Most importantly, Dr. Peter Marks, the director of the Center for Biologics Evaluation and Research at the FDA, said doctors should avoid using heparin, a standard blood-thinning treatment, because in these clots it "can cause tremendous harm, or the outcome can be fatal."

The need for specialized treatment is one reason the CDC and the FDA saw an urgent need to get the word out about this rare combination of side effects.

Medical experts say this kind of pause happens a lot and is "totally normal" and reasonable in order to investigate these extremely rare cases. Regulators don't know whether the six cases are related to the vaccine, and they need to do a deep dive into the individual patients to determine what's going on.

Q: I Got the Johnson & Johnson Vaccine. Do I Need to Look Out for Problems?

A: If you got your Johnson & Johnson vaccine shot less than three weeks ago, you should look out for severe headache, abdominal pain, leg pain or shortness of breath. If you experience any of these symptoms, seek treatment with your health provider, an urgent care clinic or a hospital emergency room.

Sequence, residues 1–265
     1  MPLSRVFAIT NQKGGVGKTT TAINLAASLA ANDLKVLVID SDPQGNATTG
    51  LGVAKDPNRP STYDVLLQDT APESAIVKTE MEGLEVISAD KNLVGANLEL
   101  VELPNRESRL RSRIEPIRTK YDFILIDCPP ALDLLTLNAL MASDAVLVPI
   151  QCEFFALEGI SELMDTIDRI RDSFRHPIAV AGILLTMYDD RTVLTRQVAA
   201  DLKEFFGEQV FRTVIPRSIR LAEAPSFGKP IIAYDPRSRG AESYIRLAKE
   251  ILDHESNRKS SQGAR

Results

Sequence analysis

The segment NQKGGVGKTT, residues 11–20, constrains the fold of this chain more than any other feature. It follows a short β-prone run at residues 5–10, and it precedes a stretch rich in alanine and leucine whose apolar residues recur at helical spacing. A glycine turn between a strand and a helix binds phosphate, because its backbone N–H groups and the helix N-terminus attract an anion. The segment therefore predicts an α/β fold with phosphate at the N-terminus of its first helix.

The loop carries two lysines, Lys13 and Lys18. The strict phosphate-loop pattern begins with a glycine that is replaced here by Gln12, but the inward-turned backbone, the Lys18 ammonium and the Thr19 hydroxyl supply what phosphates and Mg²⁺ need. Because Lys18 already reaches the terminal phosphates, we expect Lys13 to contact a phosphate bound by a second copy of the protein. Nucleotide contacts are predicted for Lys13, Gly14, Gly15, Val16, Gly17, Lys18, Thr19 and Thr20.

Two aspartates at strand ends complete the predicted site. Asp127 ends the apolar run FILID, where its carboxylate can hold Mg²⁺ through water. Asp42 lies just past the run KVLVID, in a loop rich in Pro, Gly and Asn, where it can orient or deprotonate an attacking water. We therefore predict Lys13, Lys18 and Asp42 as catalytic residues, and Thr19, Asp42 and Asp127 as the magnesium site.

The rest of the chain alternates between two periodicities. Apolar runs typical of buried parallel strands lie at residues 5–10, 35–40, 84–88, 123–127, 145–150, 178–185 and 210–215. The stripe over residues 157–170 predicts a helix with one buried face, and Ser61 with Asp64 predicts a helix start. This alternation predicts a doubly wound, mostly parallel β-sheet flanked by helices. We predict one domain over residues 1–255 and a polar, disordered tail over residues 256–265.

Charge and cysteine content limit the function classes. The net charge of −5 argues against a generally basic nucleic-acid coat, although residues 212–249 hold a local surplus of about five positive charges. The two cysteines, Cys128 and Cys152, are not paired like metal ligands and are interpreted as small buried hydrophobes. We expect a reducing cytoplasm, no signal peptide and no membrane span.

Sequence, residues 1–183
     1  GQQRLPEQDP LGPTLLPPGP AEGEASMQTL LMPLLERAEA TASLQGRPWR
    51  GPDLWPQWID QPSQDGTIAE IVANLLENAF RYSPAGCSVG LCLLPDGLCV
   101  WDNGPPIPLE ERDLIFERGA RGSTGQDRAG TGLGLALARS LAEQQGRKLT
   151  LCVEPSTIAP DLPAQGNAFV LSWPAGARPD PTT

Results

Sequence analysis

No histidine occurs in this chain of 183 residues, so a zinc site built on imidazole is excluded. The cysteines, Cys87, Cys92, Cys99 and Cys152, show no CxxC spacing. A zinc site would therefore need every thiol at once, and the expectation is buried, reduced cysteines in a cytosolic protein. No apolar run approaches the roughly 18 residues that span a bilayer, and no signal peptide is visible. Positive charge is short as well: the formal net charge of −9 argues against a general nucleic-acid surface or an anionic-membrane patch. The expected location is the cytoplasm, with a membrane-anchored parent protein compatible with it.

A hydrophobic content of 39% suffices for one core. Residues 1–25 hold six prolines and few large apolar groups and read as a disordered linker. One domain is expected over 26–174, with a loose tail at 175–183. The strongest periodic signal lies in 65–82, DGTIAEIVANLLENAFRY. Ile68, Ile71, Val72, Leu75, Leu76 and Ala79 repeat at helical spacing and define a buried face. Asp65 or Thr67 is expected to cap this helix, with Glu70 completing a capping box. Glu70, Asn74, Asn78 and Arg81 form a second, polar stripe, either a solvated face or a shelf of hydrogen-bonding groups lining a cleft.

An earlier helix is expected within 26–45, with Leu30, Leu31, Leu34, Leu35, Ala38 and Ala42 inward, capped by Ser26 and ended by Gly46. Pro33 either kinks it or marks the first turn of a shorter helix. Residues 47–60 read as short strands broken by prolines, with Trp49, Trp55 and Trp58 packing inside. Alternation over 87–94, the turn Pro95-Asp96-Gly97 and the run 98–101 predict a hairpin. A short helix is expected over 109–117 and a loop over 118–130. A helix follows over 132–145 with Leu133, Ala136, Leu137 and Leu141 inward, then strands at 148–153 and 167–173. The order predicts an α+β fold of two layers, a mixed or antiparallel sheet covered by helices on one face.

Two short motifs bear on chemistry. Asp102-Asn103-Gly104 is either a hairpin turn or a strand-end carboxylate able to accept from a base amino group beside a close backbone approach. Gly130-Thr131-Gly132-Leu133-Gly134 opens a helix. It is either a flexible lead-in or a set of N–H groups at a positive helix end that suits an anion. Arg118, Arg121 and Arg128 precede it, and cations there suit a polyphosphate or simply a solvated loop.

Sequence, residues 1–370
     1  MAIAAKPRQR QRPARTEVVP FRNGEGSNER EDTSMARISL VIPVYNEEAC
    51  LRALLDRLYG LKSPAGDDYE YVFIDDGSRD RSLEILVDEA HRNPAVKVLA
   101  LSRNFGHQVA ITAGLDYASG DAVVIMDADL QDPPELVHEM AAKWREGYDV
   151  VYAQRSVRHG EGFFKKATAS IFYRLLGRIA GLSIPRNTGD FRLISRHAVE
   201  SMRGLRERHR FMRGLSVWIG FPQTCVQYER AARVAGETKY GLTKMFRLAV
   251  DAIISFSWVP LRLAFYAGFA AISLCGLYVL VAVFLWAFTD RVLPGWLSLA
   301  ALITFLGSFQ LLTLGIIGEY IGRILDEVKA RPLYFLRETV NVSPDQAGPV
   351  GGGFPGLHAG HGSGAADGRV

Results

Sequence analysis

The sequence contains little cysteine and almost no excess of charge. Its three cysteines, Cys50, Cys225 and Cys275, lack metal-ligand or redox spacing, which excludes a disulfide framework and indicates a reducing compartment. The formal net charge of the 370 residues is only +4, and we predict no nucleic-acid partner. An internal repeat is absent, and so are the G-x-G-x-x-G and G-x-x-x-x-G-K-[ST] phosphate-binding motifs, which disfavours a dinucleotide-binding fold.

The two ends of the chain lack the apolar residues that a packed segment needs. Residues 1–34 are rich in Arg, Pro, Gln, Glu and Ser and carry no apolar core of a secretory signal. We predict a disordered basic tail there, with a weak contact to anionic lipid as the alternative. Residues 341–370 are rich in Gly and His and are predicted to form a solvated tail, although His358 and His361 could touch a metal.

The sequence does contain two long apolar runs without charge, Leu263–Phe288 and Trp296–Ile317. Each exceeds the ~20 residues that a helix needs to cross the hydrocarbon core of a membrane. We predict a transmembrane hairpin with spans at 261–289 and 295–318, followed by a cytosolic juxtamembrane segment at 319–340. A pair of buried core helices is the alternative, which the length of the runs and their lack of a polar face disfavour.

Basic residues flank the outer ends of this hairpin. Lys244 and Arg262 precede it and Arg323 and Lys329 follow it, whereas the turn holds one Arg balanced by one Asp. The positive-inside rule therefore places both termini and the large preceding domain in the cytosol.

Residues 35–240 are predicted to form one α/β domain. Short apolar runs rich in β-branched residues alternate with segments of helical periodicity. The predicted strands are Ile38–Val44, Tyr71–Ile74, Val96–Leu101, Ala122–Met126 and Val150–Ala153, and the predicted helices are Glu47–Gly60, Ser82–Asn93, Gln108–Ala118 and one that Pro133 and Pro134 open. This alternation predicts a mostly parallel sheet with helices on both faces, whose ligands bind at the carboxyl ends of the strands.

Remember, the number of people affected is very, very small.

If you got your shot more than three weeks ago, and you have experienced none of these symptoms, you likely do not need to worry about your J&J vaccine.

Q: How Does the Johnson & Johnson Vaccine Affect the Bay Area?

A: A joint statement by the Bay Area's county health officers on April 24 recommends that the region's health providers should resume administering the Johnson & Johnson vaccine "to prevent community spread and severe illness and death from COVID-19." This means you'll see the J&J vaccine being offered at appointments around the Bay Area once more.